Add value to a field

Hi query-experts!

I know mysql queries can be built to increment, add numbers to table fields like

UPDATE 'numbers' SET 'number' = +1 WHERE 'pageid' = '$pageid'

BUT how should I build the query if I want a dynamic value to be added to a field???
I tried

UPDATE points SET 'table_field' = +".$point_value." WHERE username = '$receiver'

and another

UPDATE points SET 'table_field' = '+$point_value' WHERE username = '$receiver'

nothing worked so far… Is there an option for this at all?
Thank you advanced.

it appears you were trying to update a string, and of course that’s not possible …

UPDATE points SET [COLOR="Red"]'table_field'[/COLOR] = ...

try updating a column instead …

UPDATE points SET [COLOR="blue"]table_field[/COLOR] = ...


hmmmmm…interesting :scratch:

and yet someone else on another forum once told me we should in order to help prevent sql injection attacks.

Actually my query looks like :

UPDATE points SET [COLOR="Blue"]$table_field = $table_field+$point_value[/COLOR] WHERE username = '$receiver'

and it WORKS now!!! My mistake was

[COLOR="Red"]$table_field = $table_field+".$point_value."[/COLOR]

Thank you anyway! :slight_smile:

you can use back-ticks (I think that is what they’re called) ,`, instead of single quotes to wrap table column names in.

The ` is on the same key as ~ on my keyboard.

yes, they’re called backticks

and yes, you can use them… but you shouldn’t


sql injection? i don’t see how… did he give an explanation?

it would have been about 12 months ago I guess and I can’t remember even which website it was on.

he/she probably did, but since I have my own measures to prevent sql injection I personally don’t use backticks and so any explanation that might have been given is now lost from my memory.

it is just something I recall reading in a thread somewhere some time ago.

so if we shouldn’t use them, does that mean that sql code is no more vulnerable to sql injection if there are no backticks in cases where there are no other measures to resist sql injection?

how is anything going to get injected into a column name?

hmmmm :scratch:

answering a question with another question suggests to me you don’t know the answer to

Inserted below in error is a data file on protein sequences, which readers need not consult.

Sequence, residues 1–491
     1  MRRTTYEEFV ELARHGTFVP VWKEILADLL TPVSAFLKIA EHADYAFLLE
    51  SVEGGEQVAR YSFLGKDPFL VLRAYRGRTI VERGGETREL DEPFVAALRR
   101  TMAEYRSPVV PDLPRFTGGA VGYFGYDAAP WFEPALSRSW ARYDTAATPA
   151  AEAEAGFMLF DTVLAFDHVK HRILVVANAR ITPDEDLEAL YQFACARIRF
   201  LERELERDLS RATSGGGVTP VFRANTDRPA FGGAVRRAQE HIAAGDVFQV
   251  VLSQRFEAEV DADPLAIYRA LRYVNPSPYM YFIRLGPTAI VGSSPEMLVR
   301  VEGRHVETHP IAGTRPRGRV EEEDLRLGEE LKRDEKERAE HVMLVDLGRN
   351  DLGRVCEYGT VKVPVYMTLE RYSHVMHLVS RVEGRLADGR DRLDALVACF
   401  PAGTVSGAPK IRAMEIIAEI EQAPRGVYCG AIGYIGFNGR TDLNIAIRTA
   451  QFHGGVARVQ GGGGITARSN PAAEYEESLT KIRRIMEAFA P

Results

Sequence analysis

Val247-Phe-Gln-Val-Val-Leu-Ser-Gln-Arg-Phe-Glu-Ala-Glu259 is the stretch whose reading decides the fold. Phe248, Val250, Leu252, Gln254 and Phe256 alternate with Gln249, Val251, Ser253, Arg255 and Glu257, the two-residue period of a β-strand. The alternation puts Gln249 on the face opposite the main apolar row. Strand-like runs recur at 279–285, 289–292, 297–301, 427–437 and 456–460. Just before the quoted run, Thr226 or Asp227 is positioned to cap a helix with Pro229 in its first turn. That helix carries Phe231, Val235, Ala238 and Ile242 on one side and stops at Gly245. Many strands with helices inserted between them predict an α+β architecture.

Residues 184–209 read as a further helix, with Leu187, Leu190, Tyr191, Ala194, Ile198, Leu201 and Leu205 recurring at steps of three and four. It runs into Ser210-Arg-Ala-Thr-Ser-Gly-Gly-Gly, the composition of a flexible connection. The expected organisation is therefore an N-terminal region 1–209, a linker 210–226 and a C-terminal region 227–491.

so if we shouldn’t use them, does that mean that sql code is no more vulnerable to sql injection if there are no backticks in cases where there are no other measures to resist sql injection?


I’m not a db expert, but if the column names are generated dynamically in php code, could the non use of backticks be a security issue?

I don’t use backticks for the reason I posted earlier so it isn’t an issue for me, but perhaps you could explain to those that do use backticks why they shouldn’t.

only if you are somehow feeding user input (entered in a form field or off a query string parameter) directly into a php variable which will substitute into a column name

why would you want the user to input a column name?

oh wait…

rather than asking a rhetorical question this time, so that you don’t make any conclusions about what i might know, i should have said it in terms of a statement …

you wouldn’t want to let the user input a column name

if your column is a variable, this means you sometimes want this column, sometimes that column, you don’t know which column, it could be one of multiple columns… which is a huge red flag that you haven’t designed the tables properly

i’m thinking of examples like SELECT Total2009Amt, Total2010Amt, …

as i said, using backticks should be avoided

if you are using a reserved word as a column name, or have a special character in your column name, like for some reason you wanted to call the column acct# or acct no instead of acctno, then you should simply rename the column and avoid the need for backticks altogether

it has nothing to do with whether there can be sql injection into a column name – there can, with or without backticks, if you programmed for it, so the backticks aren’t the issue, but it would be dumb programming to make a column a variable

backticks should be avoided because the sql is cleaner without them

besides, i can attest from hanging around these forums for many years that we regularly get people posting problems like “oh noes, my query doesn’t work, i wrote UPDATE ‘mytable’ … and it says syntax error, halp!!!”

so the more people posting sql with backticks (and especially phpmyadmin users, where the backticks seem to be the default setting, aaarg), the more likely newbies are to make this mistake

not necessarily. you could legitimately have a php function or class method with a single query in it and you pass to the function parameters that include the column names you want the query to use.

the dumb part would be not validating and sanitising the column names and any other user inputs before passing them to the query.

quite true, except that in my experience any variability in function parameters should be accomplished by redesigning the database tables so that it is rows that you’re filtering (with WHERE conditions) rather than columns (with variable column names)

and the backticks still don’t make a different to sql injection, and for clarity, should simply be avoided


in my experience it depends on the purpose of the web application.

Backticks have nothing to do with preventing sql injections. What you (and the poster in the thread you were reading about) was in escaping user inputted values. in PHP for instanced you’d use mysql_real_escape_string to do so.